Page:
Attuned to Pianos

An instrument restorer’s beautiful obsession

An older couple standing in a large room filled with pianos

Patricia and Edmund Michael Frederick have been collecting and restoring historical pianos since the 1970s.Photograph by Jim Harrison

It’s one thing to know that classical piano pieces—Chopin’s nocturnes, Tchaikovsky’s concertos, Beethoven’s “Moonlight” sonata—sound different on a modern instrument than they would have on the pianos their composers knew and played (and, importantly, wrote for) in their lifetimes. It’s an entirely different thing to actually hear it.

“Many pianists who come here find the experience life-changing,” says Patricia Frederick, opening the door to the Frederick Historical Piano Collection, the nonprofit organization she and her husband, Edmund Michael Frederick ’66, G.S.A. ’72, have operated together for 48 years. Inside a former town library in tiny Ashburnham, Massachusetts, every room is filled with grand pianos, more than two dozen altogether, spanning centuries and generations. They bear the names of legendary makers: Graf, Bösendorfer, Streicher, Pleyel, Blüthner. The youngest instrument in the collection is a 1928 Erard made in Paris. The oldest is an unsigned Viennese-style piano from the 1790s, built into an older, reused harpsichord case, with knee levers for the dampers and a reverse-color keyboard (black for the natural tones, white for sharps and flats). It would have been state of the art at the end of Mozart’s lifetime.

What makes the Frederick collection so revelatory isn’t the instruments’ history and lineage but the fact that each of them can still be played. A restorer and serious amateur musician, Michael Frederick (who goes by his middle name) has spent a lifetime rejuvenating old and often neglected pianos, returning them to active concert condition. Indeed, since 1985, the couple have hosted an annual series at the Community Church two blocks away, in which pianists from around the world perform, often to sold-out audiences, using instruments from the collection.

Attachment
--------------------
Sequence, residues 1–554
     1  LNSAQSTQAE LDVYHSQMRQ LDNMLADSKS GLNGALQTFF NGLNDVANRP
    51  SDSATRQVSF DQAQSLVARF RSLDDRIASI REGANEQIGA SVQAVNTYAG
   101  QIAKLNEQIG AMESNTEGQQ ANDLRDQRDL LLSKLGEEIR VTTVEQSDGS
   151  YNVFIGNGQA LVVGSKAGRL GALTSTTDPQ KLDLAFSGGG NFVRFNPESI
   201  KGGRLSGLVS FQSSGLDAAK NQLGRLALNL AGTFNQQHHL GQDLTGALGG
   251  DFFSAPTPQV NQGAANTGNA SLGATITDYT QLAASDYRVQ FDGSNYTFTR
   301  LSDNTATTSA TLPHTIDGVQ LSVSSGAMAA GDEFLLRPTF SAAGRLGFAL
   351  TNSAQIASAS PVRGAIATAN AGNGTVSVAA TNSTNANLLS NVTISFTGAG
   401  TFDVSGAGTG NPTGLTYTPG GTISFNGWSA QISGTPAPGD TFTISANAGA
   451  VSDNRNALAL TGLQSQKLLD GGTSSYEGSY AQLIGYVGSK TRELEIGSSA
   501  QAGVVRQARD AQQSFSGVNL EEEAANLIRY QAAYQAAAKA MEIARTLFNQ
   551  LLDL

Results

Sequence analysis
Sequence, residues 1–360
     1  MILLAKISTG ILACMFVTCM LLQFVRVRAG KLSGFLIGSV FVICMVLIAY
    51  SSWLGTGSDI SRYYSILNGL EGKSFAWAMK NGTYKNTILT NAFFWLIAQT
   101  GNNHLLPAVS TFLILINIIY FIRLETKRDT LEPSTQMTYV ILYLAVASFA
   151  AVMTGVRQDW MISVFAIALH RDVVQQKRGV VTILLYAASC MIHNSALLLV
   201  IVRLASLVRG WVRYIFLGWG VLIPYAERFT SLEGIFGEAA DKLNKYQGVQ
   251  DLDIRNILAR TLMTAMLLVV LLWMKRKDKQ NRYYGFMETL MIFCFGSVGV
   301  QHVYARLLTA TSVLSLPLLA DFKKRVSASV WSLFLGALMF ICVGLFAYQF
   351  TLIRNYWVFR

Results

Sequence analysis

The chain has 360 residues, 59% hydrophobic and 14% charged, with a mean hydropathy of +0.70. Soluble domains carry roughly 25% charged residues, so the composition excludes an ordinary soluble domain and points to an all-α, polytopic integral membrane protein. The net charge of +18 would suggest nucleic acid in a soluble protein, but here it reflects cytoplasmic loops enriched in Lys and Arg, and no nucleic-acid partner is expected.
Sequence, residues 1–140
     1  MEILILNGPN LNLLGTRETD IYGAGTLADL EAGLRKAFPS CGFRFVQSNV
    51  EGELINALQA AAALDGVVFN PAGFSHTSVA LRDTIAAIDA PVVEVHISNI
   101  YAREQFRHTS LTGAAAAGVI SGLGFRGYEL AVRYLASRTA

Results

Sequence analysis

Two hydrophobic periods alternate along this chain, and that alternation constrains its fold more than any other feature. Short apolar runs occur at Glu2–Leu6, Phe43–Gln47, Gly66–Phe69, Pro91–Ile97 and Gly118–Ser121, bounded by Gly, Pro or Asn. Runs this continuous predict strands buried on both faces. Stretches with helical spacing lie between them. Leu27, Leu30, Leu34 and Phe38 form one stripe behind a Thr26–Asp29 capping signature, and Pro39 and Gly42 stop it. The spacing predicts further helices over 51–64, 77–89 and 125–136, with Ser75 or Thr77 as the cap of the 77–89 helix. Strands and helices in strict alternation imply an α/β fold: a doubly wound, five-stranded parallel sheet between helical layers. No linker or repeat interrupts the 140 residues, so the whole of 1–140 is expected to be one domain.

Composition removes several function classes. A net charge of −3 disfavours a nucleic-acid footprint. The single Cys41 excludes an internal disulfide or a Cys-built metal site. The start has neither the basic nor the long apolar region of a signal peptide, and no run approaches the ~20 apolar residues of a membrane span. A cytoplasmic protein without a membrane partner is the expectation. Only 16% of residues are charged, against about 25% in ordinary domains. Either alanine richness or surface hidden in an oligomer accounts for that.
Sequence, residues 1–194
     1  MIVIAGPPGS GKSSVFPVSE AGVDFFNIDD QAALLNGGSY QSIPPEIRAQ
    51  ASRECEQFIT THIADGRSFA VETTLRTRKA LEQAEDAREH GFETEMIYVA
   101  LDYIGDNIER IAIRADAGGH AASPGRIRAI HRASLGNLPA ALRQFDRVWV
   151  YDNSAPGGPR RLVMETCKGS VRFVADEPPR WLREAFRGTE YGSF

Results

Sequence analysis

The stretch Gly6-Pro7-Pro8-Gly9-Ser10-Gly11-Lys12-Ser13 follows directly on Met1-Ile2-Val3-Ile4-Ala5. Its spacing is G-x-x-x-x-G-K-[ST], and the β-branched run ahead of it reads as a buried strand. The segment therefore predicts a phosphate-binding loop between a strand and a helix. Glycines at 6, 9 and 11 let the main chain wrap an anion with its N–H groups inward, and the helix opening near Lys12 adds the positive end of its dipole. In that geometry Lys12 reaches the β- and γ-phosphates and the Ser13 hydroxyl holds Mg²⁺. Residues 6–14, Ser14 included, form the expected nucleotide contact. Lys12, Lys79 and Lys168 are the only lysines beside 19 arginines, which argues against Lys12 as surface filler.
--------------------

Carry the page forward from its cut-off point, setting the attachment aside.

The Fredericks give tours—immersive, hours-long affairs that wind backward in time from the twentieth century to the eighteenth and cover everything from regional variations in piano structure to composers’ musical eccentricities to the mechanism of single escapement actions—but the place isn’t a museum. “In a museum, you can’t touch things,” says Patricia. Here, visitors are encouraged to try out the instruments. Musicians often linger for whole days, discovering new sounds in songs they’ve known for years.

Michael made that same discovery decades ago. Growing up in central Ohio, in a family of engineers and tinkerers, he arrived at Harvard to study East Asian history—first in the College and then in graduate school, where he got all the way to his doctoral dissertation (and taught for three years at Kenyon College) before realizing academia wasn’t for him. By then, another fascination had taken hold: historical pianos. He and Patricia had bought their first one at a Central Square antique store soon after they were married: a little square piano made in Dublin during the late 1700s. It was in rough shape, but Michael figured he could get it playing again. This was a natural progression for him: as an undergraduate, he had built two harpsichords from scratch and worked as a harpsichord tuner for Harvard’s music department; he’d also become an informal apprentice to famed maker Frank Hubbard ’42, A.M. ’48.


 

 

Pianos fill every room of a former library in Ashburnham, Massachusetts; among them is a Bösendorfer made in 1845 (middle), and a Viennese-style piano from the 1790s (bottom).Photographs by Jim Harrison